The California House and Senate passed a bill that requires all publicly held corporations that are headquartered in California to have at least one woman on their board by the end of 2019 and two by July of 2021. It's waiting for the governor's signature.
One of the bill's co-authors, Sen. Hannah-Beth Jackson (D-Santa Barbara) said:
"We are not going to ask anymore. We are tired of being nice. We're tired of being polite. We are going to require this because it's going to benefit the economy. It's going to benefit each of these companies. It's time that we burst that man-cave and put women in the boardrooms."
First of all, requiring something on a governmental level doesn't generally help the economy. Second, Senator Jackson clearly doesn't understand how business works.
You see, businesses want to succeed. They want to make money. They want to be profitable. And if they thought they could make more money with different people on their boards, they would put different people on their boards. They don't keep women off the boards because they like to keep the boardrooms as "man-caves."
Yes, there is discrimination. Yes, it was worse in the past. But the reality is, you don't put 25-year-olds on most boards of director. You want people with experience in leadership roles. And because women are less likely to obtain those high positions, there are fewer available.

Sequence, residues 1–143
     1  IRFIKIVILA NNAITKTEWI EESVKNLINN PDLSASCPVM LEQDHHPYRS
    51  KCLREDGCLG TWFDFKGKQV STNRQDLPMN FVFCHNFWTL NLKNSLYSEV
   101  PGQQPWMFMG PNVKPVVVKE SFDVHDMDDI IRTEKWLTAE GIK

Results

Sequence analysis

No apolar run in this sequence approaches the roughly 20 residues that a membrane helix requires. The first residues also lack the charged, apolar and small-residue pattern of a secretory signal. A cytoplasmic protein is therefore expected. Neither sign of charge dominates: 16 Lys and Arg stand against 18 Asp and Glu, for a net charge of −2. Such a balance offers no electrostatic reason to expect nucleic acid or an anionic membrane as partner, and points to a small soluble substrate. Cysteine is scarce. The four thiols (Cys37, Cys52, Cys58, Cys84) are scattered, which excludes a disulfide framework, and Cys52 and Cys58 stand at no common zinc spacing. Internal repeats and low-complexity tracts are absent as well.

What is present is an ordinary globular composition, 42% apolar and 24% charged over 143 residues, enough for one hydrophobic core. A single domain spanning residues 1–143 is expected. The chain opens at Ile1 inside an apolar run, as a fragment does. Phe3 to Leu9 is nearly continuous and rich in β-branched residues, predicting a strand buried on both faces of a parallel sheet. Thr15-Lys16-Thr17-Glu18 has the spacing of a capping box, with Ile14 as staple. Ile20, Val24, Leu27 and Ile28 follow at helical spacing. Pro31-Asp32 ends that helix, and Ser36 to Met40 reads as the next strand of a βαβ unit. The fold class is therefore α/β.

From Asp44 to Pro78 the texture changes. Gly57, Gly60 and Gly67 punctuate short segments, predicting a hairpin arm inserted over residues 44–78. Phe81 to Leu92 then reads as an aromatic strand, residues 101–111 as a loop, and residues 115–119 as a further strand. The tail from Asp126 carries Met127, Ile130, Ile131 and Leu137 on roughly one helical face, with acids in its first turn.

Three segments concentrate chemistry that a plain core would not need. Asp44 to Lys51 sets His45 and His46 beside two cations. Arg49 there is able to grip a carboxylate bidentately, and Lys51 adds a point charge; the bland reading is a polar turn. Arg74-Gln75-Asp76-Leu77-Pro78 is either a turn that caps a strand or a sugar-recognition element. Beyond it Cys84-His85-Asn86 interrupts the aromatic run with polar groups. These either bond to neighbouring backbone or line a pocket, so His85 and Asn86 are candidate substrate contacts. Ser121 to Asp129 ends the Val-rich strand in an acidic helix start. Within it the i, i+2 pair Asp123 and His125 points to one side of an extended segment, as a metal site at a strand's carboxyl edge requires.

While you can blame some of that on discrimination, most of it comes down to choice. Men are more likely to choose intensive careers that lead to senior leadership roles.
By mandating a certain number of women on each board, California is simply saying they don't believe women are capable of earning a seat at the table themselves. The only way to do it is to force boards to accept them.
I find that appalling.
Senate leader Toni Atkins (D-San Diego), the other co-author of the bill, displayed her misunderstanding of how life works as follows: "I am sick and tired of being in a position of influence and power and yet seeing so many people like me who are still pleading to be given that opportunity."
No one gives you anything. You work for it. Does she really think that the male members of Boards were just sitting around the pool drinking cool beverages (this is California, after all) when a fairy godmother (also a woman with immense power) swooped down and placed them on a board of directors?
Because that's what it sounds like.
Women don't need this pandering. Companies don't want to do things that won't help them to be profitable. If Atkins and Jackson just sit back and wait a few years, they'll likely see an increase in women on boards anyway. Why? Because the longer women are climbing the corporate ladder, the more you'll see at the top.
If Governor Brown signs it, you'll undoubtedly see lawsuits around this, as opponents claim it violates numerous California laws.